Greg Hirst
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I have a suggestion.

If/when there really is something to celebrate, we should all get together for dinner at an appropriately worthy restaurant. I'll even drive into LA.

Anyone?
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  #81  
Old June 23rd, 2008, 05:26 PM
johnlee johnlee is online now
John Lee
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Definitely.

I nominate Red Lobster.
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  #82  
Old June 23rd, 2008, 05:30 PM
dchapman dchapman is offline
Daniel Chapman
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Quote:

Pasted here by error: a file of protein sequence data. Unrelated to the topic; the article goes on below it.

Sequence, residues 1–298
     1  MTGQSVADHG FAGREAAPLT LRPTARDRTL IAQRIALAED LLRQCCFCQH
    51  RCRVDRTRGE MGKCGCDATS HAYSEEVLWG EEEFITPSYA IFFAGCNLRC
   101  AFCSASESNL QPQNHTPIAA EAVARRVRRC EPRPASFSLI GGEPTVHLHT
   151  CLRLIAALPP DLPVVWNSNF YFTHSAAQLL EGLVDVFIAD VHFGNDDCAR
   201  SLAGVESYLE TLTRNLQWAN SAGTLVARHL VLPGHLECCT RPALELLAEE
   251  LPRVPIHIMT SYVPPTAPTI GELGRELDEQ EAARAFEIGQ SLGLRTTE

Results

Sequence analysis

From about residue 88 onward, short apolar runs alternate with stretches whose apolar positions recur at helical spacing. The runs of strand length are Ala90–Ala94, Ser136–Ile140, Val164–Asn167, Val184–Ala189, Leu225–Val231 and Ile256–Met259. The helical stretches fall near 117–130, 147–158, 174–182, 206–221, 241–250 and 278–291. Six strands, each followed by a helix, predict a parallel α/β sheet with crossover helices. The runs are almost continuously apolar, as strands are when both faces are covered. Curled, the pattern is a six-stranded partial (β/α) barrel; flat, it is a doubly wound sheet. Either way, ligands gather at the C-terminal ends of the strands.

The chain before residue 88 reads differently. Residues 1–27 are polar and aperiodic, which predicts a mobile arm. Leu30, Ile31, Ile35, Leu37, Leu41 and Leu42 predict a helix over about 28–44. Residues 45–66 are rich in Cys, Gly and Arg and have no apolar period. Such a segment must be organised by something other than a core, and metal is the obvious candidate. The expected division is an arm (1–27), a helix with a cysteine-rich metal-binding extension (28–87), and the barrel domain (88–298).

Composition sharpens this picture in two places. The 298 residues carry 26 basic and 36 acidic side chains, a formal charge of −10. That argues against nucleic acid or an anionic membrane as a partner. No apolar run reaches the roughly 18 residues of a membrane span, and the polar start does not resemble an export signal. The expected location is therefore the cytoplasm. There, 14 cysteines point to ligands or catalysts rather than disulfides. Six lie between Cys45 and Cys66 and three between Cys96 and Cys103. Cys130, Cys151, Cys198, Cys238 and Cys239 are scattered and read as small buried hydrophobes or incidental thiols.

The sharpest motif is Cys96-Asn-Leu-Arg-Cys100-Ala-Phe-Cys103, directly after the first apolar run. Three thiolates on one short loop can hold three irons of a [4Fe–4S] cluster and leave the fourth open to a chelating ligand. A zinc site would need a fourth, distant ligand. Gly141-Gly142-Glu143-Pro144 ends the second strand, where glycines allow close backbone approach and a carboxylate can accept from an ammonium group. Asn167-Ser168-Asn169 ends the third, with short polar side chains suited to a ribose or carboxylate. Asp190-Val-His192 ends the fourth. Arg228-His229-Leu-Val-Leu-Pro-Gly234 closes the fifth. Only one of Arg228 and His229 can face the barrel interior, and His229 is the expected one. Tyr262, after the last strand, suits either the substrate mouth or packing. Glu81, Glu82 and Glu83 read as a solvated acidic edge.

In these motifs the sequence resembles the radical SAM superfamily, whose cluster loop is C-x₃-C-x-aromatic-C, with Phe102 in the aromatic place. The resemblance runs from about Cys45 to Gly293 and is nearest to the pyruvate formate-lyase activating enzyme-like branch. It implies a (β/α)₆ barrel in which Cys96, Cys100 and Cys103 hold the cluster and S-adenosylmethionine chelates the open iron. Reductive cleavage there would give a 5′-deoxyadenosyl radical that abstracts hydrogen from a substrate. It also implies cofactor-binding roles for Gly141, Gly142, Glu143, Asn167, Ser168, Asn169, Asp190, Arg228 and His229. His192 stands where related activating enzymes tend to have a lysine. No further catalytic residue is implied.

Originally Posted by johnlee
I got so pumped up I broke out a few pistols and started wiping them down.

Feels good.

Dear John,

Get a girlfriend.


Daniel
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  #83  
Old June 23rd, 2008, 05:33 PM
greghirst greghirst is offline
Greg Hirst
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Quote:
Originally Posted by johnlee
Definitely.

I nominate Red Lobster.

That may be appropriately worthy.
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  #84  
Old June 23rd, 2008, 05:47 PM
JSQ JSQ is online now
Jack Quinlan
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Sporting clays and dinner after maybe?
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  #85  
Old June 23rd, 2008, 06:07 PM
thomaskimura thomaskimura is offline
Thomas Kimura
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I'm in.
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  #86  
Old June 23rd, 2008, 06:27 PM